The means by which prosecutors get a conviction in court are just as important, if not more so than the end result, Salt Lake County District Attorney Sim Gill said Tuesday.
"Due process is a fundamental right of our criminal justice system," Gill said.
That's why on Tuesday he announced his office had filed motions seeking to vacate the convictions of two people, based on the findings of the district attorney's Conviction Integrity Panel.
"When we fail to follow our own rules, then the legitimacy of our outcomes are themselves without merit," he said. "Put another way, the means by which we convict people, hold them accountable, the process we employ, is just as, if not more important, than the ends that we desire. When we don't follow the rules and we make mistakes, then we have an ethical, legal and moral duty to correct that."
The Salt Lake County District Attorney’s Conviction Integrity Panel is made up of five veteran legal experts in Utah, including former judges, prosecutors and defense attorneys.
In February, a federal public defender contacted Gill's office concerning two of his clients who were convicted of crimes in 3rd District Court in 2010 and 2011. One was convicted of drug distribution, a second-degree felony. The other on a charge of sexual battery, a class A misdemeanor. Both defendants were subsequently deported following their convictions — one to Honduras and the other to Mexico.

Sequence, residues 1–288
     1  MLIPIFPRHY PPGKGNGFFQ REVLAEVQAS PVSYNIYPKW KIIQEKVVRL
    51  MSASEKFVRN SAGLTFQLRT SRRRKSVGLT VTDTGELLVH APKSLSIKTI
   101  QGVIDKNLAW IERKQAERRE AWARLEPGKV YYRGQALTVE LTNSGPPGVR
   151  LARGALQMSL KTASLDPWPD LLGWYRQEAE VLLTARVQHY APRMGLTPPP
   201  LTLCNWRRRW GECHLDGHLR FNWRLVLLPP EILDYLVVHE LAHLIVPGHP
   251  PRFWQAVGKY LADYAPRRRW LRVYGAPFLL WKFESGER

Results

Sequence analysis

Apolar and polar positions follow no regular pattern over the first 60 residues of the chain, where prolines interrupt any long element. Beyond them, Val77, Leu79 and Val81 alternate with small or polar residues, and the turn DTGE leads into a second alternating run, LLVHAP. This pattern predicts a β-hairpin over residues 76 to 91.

But the integrity panel found that "procedural errors" were made in both cases, according to Gill. Both defendants were actually 17 at the time of the alleged crimes, and their charges should have been filed in juvenile court rather than district court where the penalties can be heavier. The panel made no findings as to the merits of the allegations themselves in each of those cases.
While some may feel the two defendants are having their cases thrown out on "technicalities," Gill said the rules of due process must be followed to maintain integrity in the entire system.
"This was a juvenile. He was in the wrong jurisdiction. You can't confer that jurisdiction from a juvenile court to the adult court," he said. "If we're going to say there is integrity in our process, then we need to be able to own and accept our mistakes.
"Violation of due process rights cannot ever be a technical violation. The fact that we hold ourselves to that standard even when it's not flattering or in our immediate self-interest is what lends it credibility, legitimacy and integrity."
Gill doesn’t know how each mistake was made, as the filings were from a previous administration, but noted it appeared both were accidents. His goal moving forward is for his office to learn from those mistakes.
"My goal and hope is we will not make intentional errors. We will not make errors of laziness. We will not make errors of expediency. And we will not make errors that are intentional," he said.
In the case involving the sexual battery, Gill said his office did have the option of refiling the case. However, prosecutors contacted the alleged victim who told them she had no interest in pursuing the case again and that she was fine with the vacated conviction.